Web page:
U.S.: More than 500 affected in cyclospora outbreak linked to McDonald's

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U.S.: More than 500 affected in cyclospora outbreak linked to McDonald's

The U.S. Food and Drug Administration (FDA) believes a multistate outbreak of cyclosporiasis illnesses that has affected more than 500 people is now over.

As of Sept. 11, a total of 511 people have been sickened from the infectious disease, which has been linked to a Fresh Express salad mix served at McDonald's restaurants.

The cases were reported by 15 states and New York City.

The FDA says it investigated distribution and supplier information for romaine and carrots but did not identify a single source or potential point of contamination for this outbreak.

McDonald's decided to voluntarily stop selling salads at impacted restaurants in numerous states on as of July 13.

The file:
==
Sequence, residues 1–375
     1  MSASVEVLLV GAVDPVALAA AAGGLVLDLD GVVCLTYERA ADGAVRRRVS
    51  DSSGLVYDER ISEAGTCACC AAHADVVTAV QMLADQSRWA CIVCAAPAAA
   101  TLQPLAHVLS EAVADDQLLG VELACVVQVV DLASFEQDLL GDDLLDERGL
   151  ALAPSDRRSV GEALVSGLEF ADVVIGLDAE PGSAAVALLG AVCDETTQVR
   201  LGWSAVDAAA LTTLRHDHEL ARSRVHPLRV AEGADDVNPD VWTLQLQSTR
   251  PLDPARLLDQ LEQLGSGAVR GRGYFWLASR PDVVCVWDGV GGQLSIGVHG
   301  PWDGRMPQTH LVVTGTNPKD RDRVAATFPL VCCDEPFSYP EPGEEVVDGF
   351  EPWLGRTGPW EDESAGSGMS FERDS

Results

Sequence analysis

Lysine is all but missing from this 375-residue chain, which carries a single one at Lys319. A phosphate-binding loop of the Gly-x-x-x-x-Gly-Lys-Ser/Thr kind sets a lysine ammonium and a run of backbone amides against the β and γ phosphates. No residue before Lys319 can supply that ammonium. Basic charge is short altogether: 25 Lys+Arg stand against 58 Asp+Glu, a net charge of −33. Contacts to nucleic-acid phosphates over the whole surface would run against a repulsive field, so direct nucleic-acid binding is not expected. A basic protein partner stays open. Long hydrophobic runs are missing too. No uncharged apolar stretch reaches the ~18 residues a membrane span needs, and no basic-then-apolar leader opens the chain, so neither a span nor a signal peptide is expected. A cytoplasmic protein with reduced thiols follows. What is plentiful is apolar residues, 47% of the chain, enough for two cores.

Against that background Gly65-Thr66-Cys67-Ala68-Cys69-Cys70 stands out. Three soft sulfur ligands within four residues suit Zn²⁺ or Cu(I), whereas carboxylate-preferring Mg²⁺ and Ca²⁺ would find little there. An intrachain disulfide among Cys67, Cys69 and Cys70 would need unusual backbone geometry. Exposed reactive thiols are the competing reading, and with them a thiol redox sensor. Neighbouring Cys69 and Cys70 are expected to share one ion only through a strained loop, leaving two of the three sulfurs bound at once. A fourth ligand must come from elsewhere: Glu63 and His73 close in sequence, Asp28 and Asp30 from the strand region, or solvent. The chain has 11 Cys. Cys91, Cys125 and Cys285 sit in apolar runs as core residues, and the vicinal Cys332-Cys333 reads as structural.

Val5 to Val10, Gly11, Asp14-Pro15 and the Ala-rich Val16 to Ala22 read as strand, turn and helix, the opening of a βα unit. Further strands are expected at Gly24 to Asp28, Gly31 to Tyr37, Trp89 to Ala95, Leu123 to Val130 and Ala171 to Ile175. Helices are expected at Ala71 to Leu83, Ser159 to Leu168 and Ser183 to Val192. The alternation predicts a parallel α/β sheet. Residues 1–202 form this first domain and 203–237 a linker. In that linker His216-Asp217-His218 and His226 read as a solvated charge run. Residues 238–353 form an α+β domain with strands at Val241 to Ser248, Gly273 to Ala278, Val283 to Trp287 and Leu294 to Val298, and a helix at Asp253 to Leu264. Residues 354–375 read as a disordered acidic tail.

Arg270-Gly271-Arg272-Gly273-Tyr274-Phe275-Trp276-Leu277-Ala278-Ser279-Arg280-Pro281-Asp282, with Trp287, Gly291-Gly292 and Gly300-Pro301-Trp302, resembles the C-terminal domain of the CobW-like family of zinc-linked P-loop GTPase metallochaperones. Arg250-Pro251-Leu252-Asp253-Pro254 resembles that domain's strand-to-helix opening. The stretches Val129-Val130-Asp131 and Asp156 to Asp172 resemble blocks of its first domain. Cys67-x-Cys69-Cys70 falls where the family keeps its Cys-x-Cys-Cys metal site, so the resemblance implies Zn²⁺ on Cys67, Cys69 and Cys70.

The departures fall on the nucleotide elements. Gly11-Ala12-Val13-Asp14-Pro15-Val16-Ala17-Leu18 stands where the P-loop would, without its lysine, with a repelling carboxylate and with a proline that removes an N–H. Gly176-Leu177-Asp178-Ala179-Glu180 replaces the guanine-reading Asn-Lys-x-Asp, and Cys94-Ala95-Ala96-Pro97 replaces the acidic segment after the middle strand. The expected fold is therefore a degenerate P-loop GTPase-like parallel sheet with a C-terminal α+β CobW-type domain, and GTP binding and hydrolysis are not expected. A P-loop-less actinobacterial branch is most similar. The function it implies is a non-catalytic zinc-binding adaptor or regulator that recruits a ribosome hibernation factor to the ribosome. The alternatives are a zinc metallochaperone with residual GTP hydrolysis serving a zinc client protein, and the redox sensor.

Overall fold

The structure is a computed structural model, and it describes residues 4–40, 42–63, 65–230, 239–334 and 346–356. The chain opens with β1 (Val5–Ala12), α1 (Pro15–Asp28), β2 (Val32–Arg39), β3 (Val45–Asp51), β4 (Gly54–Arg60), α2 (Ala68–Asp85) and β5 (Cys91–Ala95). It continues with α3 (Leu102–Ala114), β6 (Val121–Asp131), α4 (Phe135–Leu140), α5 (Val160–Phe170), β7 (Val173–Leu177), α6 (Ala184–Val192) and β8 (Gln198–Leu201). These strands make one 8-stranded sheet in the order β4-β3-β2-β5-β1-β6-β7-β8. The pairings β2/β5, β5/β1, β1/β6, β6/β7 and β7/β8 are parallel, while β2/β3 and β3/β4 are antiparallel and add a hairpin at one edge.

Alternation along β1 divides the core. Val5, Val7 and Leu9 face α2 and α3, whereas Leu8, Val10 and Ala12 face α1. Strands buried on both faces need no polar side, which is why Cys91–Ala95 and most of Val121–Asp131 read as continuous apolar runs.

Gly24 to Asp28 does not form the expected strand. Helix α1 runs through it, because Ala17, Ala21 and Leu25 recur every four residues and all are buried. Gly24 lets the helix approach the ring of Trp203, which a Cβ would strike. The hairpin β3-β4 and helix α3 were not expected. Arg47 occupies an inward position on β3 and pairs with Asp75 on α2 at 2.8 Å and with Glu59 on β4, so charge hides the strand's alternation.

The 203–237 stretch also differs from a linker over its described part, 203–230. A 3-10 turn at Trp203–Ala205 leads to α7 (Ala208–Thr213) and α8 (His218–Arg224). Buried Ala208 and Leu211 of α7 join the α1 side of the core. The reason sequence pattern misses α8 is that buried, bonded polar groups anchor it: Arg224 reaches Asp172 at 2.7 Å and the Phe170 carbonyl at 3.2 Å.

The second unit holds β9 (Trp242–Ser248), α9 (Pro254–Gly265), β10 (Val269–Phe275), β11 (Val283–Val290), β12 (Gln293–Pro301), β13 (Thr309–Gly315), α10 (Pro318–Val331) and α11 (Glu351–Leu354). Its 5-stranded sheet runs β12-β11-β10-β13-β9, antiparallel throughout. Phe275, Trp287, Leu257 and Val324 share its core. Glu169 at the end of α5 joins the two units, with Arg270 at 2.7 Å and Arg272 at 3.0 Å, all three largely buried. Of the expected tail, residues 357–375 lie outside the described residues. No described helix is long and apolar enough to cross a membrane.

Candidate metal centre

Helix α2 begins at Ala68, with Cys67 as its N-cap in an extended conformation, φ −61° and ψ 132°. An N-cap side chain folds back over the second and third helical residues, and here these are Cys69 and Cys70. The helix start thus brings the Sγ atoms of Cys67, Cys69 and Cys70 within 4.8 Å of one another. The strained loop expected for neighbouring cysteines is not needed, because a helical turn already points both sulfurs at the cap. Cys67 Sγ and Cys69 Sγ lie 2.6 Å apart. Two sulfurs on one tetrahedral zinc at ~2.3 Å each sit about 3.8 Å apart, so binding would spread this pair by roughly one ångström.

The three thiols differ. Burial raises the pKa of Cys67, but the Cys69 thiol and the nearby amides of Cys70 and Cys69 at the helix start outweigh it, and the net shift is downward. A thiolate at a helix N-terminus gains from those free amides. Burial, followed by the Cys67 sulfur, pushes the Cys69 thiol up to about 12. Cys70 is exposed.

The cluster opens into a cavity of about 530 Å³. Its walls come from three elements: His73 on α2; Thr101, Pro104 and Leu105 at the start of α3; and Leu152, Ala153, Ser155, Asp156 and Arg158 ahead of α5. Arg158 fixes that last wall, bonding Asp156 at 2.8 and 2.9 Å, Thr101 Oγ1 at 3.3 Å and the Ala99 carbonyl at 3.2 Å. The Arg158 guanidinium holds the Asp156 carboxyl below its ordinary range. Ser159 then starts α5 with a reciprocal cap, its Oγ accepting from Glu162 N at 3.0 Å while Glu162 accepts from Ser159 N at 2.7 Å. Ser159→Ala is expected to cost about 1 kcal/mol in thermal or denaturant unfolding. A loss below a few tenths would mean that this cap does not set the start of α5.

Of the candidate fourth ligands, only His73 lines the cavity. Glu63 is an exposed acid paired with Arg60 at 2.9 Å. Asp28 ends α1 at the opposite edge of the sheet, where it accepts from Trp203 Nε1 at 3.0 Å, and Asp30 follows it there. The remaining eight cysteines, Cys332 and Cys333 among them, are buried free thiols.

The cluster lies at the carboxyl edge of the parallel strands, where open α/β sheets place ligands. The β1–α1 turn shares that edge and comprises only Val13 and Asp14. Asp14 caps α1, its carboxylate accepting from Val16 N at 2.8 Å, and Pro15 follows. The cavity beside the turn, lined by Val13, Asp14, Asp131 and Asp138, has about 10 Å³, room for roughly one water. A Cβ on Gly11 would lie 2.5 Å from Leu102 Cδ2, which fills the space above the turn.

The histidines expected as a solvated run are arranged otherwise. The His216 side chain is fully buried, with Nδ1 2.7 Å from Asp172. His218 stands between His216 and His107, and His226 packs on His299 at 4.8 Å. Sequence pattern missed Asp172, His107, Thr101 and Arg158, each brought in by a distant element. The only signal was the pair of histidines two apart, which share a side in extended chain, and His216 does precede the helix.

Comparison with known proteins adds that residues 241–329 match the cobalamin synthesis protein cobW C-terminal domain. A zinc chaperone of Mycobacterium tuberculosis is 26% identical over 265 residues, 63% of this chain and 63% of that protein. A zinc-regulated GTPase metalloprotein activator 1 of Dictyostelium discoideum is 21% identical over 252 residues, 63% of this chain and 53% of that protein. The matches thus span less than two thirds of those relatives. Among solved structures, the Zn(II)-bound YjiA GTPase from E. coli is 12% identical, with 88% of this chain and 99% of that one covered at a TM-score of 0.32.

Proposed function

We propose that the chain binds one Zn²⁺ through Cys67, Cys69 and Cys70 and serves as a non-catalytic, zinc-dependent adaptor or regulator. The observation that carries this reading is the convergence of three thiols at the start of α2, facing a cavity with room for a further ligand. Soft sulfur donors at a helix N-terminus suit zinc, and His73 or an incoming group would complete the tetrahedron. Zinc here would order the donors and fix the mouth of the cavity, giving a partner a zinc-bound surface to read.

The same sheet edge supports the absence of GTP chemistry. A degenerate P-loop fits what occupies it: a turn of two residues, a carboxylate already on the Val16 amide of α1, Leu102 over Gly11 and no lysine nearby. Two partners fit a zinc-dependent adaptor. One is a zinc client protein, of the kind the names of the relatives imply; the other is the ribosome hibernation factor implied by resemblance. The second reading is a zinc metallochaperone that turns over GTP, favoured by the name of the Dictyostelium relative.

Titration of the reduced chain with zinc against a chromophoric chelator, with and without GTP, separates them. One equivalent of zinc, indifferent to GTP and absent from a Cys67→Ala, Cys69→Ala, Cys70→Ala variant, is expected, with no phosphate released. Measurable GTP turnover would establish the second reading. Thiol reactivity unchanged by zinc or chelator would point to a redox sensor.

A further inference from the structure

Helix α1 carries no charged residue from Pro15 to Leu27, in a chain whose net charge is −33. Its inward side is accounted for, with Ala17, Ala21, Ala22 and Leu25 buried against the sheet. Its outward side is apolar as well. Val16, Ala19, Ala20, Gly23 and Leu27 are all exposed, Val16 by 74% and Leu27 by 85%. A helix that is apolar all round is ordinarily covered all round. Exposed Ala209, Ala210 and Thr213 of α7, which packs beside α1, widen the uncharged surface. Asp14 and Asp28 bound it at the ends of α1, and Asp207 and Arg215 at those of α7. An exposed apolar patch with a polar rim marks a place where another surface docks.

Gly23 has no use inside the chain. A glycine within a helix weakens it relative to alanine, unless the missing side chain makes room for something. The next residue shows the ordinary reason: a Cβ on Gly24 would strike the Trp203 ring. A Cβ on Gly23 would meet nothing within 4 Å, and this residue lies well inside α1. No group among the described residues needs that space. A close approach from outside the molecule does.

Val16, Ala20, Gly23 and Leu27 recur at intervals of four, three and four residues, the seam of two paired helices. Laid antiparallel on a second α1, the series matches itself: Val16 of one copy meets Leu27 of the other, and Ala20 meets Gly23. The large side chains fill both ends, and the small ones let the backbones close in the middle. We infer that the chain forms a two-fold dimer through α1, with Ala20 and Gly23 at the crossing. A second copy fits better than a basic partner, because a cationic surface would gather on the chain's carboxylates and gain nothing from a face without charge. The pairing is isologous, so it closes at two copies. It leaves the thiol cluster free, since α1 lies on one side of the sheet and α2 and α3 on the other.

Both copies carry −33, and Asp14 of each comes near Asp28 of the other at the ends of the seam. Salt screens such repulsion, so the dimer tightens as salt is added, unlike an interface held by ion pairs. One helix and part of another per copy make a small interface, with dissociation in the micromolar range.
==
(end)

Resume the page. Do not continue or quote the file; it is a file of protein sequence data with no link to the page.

The company has since reported that it has replaced the supplier of salads in those states. More information can be found in McDonald's Statement.

On July 26, the FDA completed final analysis of an unused package of Fresh Express salad mix containing romaine lettuce and carrots, which had been distributed to McDonald's.

The analysis confirmed the presence of cyclospora in that sample, though the expiration date for that product, July 19, had already passed. On July 27, the FDA informed Fresh Express of the results.

On July 30, the USDA's Food Safety and Inspection Service (FSIS) issued a public health alert on beef, pork and poultry salad and wrap products potentially contaminated with cyclospora that were distributed by Caito Foods LLC, of Indianapolis, IN.


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